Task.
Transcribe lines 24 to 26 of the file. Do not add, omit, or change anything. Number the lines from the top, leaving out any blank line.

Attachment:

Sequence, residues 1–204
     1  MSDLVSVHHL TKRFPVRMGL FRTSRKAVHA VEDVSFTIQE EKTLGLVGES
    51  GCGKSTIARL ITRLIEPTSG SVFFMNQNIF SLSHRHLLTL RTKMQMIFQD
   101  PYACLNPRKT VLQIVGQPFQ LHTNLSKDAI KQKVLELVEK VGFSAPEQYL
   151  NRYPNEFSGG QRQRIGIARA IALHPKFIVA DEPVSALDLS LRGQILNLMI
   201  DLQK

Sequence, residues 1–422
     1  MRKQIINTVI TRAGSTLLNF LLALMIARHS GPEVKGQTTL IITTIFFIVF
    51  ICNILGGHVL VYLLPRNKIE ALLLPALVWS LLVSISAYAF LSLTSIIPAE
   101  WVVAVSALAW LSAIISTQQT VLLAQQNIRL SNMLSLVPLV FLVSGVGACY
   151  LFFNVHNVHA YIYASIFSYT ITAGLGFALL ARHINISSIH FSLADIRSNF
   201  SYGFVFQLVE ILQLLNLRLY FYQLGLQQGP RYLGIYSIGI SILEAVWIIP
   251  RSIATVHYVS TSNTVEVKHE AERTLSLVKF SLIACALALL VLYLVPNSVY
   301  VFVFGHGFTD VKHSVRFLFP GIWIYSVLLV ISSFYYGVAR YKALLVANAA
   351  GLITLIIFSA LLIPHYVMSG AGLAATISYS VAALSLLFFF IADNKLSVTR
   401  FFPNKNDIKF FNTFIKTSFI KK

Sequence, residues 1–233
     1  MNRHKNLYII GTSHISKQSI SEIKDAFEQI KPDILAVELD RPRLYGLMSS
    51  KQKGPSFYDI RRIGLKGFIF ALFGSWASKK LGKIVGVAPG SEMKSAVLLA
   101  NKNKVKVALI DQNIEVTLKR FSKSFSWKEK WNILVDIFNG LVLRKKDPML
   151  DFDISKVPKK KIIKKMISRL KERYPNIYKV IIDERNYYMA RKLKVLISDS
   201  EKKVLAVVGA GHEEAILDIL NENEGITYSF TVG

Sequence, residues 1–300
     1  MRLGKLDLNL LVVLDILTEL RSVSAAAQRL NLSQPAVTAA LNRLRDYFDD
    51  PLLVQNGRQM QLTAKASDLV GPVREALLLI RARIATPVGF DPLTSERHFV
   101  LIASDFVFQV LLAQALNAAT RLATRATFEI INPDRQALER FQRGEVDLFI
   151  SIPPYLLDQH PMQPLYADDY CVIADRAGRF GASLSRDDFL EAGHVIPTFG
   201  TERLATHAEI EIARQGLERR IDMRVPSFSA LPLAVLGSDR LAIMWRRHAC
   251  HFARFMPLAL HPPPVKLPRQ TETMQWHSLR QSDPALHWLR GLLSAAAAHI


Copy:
     1  MRLGKLDLNL LVVLDILTEL RSVSAAAQRL NLSQPAVTAA LNRLRDYFDD
    51  PLLVQNGRQM QLTAKASDLV GPVREALLLI RARIATPVGF DPLTSERHFV
   101  LIASDFVFQV LLAQALNAAT RLATRATFEI INPDRQALER FQRGEVDLFI